A single crescent moon is a familiar sight in Earth's sky, but with Saturn's many moons, you can see three or even more.
The three moons shown here -- Titan (3,200 miles or 5,150 kilometers across), Mimas (246 miles or 396 kilometers across), and Rhea (949 miles or 1,527 kilometers across) -- show marked contrasts. Titan, the largest moon in this image, appears fuzzy because we only see its cloud layers. And because Titan's atmosphere refracts light around the moon, its crescent "wraps" just a little further around the moon than it would on an airless body. Rhea (upper left) appears rough because its icy surface is heavily cratered. And a close inspection of Mimas (center bottom), though difficult to see at this scale, shows surface irregularities due to its own violent history.
This view looks toward the anti-Saturn hemisphere of Titan. North on Titan is up. The image was taken in visible light with the Cassini spacecraft narrow-angle camera on March 25, 2015.
Credit: NASA/JPL-Caltech/Space Science Institute
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Set your alarm! On Saturday morning, April 4, 2015, not long before sunrise on the East Coast, the bright full moon over North America should turn a lovely shade of celestial red during a total lunar eclipse. The lunar eclipse will be visible from all parts of the United States. Eastern North America and western South America can see beginning stages of the partial umbral eclipse low in the west before sunrise April 4, whereas middle Asia (India, western China, mid-Asian Russia) can view the ending stages of the partial umbral eclipse low in the east after sunset April 4. Greenland, Iceland, Europe, Africa and the Middle East won't see this eclipse at all. The total eclipse will last only five minutes.
From 6 - 8 a.m. EDT, NASA TV will offer live video and NASA astronomer Mitzi Adams will take Twitter questions via @NASA_Marshall on Twitter. Use the hashtag #eclipse2015 to send your questions.
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As the sea swallowed the sun once more, a tear fell from her eye and dissolved into the sand beneath us.
"What is it, why the tears?", I asked
and with a smile that nearly leaped across her cheeks, she answered: " Here comes the moon. " 🌙 I knew that moment that it is and always will be the simple things that plant the most phenomenal truths inside us. - Christopher Poindexter
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Ten years ago, an explorer from Earth parachuted into the haze of an alien moon toward an uncertain fate. After a gentle descent lasting more than two hours, it landed with a thud on a frigid floodplain, surrounded by icy cobblestones. With this feat, the Huygens probe accomplished humanity's first landing on a moon in the outer solar system. Huygens was safely on Titan, the largest moon of Saturn.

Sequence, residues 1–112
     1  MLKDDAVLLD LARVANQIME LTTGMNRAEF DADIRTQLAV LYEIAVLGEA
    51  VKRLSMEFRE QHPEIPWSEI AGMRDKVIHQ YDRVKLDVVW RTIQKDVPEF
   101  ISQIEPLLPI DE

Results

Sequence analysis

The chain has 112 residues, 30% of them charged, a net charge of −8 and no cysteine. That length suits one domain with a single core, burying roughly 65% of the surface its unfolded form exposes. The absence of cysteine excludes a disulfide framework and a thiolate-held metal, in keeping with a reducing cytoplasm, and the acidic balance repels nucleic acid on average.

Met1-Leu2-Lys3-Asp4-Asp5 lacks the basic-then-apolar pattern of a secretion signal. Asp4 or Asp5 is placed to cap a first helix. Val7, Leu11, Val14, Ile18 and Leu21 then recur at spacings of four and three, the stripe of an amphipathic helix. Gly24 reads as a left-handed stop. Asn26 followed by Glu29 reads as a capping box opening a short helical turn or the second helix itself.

These images of Saturn's moon Titan were taken on Jan. 14, 2005 by the Huygens probe at four different altitudes. The images are a flattened (Mercator) projection of the view from the descent imager/spectral radiometer on the probe as it landed on Titan's surface.
Image Credit: ESA/NASA/JPL/University of Arizona
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Hinode Spacecraft Captures Images of Partial Solar Eclipse: A partial solar eclipse was visible from much of North America before sundown on Thursday, Oct.23. A partial eclipse occurs when the moon blocks a portion of the sun from view. As viewed from Hinode's vantage point in space, this eclipse was annular instead of partial, which means that the entire moon moved in front of the sun but did not cover it completely. In this situation, a ring of the sun encircles the dark disk of the moon.
The Hinode spacecraft captured images the eclipse as it passed over North America using its X-ray Telescope. During the eclipse, the new moon eased across the sun from right to left with the sun shining brilliantly in the background. And as a stroke of good luck, this solar cycle's largest active region, which has been the source of several large flares over the past week, was centered on the sun's disk as the moon transited!
Led by the Japan Aerospace Exploration Agency (JAXA), the Hinode mission is a collaboration between the space agencies of Japan, the United States, the United Kingdom and Europe.
Image Credit: NASA
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Don't Stare! How to Safely Watch Today's Partial Solar Eclipse: During the late afternoon today, a partial solar eclipse will be visible from much of North America before sundown. Partial eclipses occur when the moon blocks part of the sun from view. However, it is NEVER safe to look at the sun with the naked eye.
A partial solar eclipse occurs when the moon obscures only part of the sun from Earth's view.
Image Credit: T. Ruen
#eclipse #solareclipse #nasa #sun #moon #science
An Odd Trio: The Cassini spacecraft captures a rare family photo of three of Saturn's moons that couldn't be more different from each other! As the largest of the three, Tethys (image center) is round and has a variety of terrains across its surface. Meanwhile, Hyperion (to the upper-left of Tethys) is the "wild one" with a chaotic spin and Prometheus (lower-left) is a tiny moon that busies itself sculpting the F ring.
This view looks toward the sunlit side of the rings from about 1 degree above the ringplane. The image was taken in visible light with the Cassini spacecraft narrow-angle camera on July 14, 2014.
The view was acquired at a distance of approximately 1.2 million miles (1.9 million kilometers) from Tethys and at a Sun-Tethys-spacecraft, or phase, angle of 22 degrees. Image scale is 7 miles (11 kilometers) per pixel.
Credit: NASA/JPL-Caltech/Space Science Institute
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